Labor Code 226: .7 (a); Every employer shall, semimonthly or at the time of each payment of wages, furnish each of his or her employees, either as a detachable part of the check, draft, or voucher paying the employee’s wages, or separately when wages are paid by personal check or cash, an accurate itemized statement in writing showing (1) gross wages earned, (2) total hours worked by the employee, except for any employee whose compensation is solely based on a salary and who is exempt from payment of overtime under subdivision (a) of Section 515 or any applicable order of the Industrial Welfare Commission, (3) the number of piece-rate units earned and any applicable piece rate if the employee is paid on a piece-rate basis, (4) all deductions, provided that all deductions made on written orders of the employee may be aggregated and shown as one item, (5) net wages earned, (6) the inclusive dates of the period for which the employee is paid, (7) the name of the employee and his or her social security number, except that by January 1, 2008, only the last four digits of his or her social security number or an employee identification number other than a social security number may be shown on the itemized statement, (8) the name and address of the legal entity that is the employer, and (9) all applicable hourly rates in effect during the pay period and the corresponding number of hours worked at each hourly rate by the employee. The deductions made from payments of wages shall be recorded in ink or other indelible form, properly dated, showing the month, day, and year, and a copy of the statement or a record of the deductions shall be kept on file by the employer for at least three years at the place of employment or at a central location within the State of California.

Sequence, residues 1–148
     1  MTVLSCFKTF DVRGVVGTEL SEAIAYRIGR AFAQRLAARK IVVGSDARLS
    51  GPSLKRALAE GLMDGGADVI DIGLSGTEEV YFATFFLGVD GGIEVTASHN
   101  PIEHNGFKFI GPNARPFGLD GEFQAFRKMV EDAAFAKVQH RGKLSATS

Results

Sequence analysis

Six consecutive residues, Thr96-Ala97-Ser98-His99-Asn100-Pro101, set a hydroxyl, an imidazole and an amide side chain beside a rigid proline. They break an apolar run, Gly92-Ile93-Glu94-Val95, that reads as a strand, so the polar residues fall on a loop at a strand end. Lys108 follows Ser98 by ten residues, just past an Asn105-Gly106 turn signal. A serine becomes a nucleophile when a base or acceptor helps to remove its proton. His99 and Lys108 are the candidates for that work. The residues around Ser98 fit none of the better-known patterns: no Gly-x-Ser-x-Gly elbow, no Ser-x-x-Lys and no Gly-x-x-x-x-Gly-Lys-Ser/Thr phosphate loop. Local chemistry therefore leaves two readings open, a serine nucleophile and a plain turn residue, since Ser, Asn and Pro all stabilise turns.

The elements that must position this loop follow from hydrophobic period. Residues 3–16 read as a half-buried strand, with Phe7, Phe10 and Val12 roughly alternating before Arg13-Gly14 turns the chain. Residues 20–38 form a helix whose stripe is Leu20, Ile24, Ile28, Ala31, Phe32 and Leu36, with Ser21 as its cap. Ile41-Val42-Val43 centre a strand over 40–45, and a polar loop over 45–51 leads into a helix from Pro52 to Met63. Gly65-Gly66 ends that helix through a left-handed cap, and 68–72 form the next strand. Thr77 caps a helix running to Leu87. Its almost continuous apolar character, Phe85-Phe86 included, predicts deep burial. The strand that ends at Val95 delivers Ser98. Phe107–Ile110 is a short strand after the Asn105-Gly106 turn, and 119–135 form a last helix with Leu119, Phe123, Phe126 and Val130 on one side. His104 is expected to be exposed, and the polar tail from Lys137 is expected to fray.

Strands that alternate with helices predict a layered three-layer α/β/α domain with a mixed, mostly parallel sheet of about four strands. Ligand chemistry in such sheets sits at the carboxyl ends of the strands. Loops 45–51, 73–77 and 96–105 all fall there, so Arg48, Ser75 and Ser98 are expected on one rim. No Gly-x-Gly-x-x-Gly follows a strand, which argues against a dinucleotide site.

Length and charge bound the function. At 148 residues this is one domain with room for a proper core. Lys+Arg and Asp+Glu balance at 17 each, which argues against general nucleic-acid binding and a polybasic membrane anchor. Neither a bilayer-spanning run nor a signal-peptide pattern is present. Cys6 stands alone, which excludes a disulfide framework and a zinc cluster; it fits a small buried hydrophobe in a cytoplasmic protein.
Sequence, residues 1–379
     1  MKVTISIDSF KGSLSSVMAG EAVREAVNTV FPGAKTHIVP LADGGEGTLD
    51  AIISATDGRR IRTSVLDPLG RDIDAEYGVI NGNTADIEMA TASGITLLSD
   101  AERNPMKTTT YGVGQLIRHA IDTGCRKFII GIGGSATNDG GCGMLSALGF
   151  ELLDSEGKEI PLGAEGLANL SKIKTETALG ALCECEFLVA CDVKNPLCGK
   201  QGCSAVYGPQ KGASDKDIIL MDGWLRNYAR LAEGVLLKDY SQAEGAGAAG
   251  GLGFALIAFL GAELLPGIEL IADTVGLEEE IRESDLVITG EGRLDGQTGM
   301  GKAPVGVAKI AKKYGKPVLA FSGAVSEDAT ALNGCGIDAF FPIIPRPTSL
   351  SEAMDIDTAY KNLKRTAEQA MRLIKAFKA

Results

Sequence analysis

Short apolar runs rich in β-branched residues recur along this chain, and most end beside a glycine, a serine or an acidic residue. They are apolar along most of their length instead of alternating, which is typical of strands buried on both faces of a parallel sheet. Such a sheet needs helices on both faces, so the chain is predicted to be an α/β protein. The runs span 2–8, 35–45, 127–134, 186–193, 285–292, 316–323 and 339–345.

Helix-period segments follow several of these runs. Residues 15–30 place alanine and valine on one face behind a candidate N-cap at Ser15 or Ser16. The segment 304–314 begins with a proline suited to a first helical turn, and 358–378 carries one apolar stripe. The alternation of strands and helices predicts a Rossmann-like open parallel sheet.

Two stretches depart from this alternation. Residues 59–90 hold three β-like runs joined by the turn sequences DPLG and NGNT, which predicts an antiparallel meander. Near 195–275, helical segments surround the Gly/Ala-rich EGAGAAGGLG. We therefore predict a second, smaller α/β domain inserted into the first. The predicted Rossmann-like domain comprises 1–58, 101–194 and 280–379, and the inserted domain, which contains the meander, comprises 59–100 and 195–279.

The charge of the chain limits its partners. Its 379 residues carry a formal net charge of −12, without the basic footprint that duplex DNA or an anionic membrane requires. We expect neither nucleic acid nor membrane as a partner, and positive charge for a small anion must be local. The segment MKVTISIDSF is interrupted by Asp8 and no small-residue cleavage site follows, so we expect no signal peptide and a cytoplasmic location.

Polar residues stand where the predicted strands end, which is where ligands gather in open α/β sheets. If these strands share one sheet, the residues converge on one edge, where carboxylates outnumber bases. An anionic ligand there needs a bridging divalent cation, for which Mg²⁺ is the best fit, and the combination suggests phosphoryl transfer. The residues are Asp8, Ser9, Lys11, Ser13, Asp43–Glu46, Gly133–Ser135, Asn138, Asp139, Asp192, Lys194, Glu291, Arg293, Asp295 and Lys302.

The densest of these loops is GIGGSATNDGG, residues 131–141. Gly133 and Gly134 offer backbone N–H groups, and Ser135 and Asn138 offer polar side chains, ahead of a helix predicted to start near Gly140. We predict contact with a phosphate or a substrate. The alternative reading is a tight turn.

Labor Code 226: .7 (a); NO Itemization: all actual damages or fifty dollars ($50) for the initial pay period in which a violation occurs and one hundred dollars ($100) per employee for each violation in a subsequent pay period, not exceeding an aggregate penalty of four thousand dollars ($4,000), and is entitled to an award of costs and reasonable attorney’s fees.

A good labor attorney can assess your labor problems and help you maintain a work environment for your employees that is in compliance.

Avoiding Evictions starts with the Fundamentals

Evictions costs money, time, not mention headaches, and delays in getting your property rented. It all starts with the basics. Being a successful landlord requires lots of practical know-how, business skill, and familiarity with the law. Not knowing the rules can land you in lots of legal hot water. As a Landlord, it all starts with the basics (1) Choosing the right tenant(s) and doing your homework (commercial or residential (2) The Lease (3) Being a good landlord and avoiding the stigma of “slumlord.”

Choose your tenants well. A proper and complete lease application is key. A proper screening of applicants is worth the time and money. Credit checks are key. Reference checks are better.

The most important part of the application is the tenant’s work history.
A lease or rental agreement sets out the rules landlords and tenants agree to follow in their rental relationship. It is a legal binding contract and important. Without a good, well written lease, you are basically asking for trouble. Don’t leave any stone unturned in the lease agreements.

Boilerplate leases are ok but a good lease contains specific terms. A good landlord gets good tenants. A slumlord gets a lawsuit. Be visible, be communicative, be fair, be productive, and care about your property and those who occupy it. You will attract the best tenants when you set high standards for yourself and your property.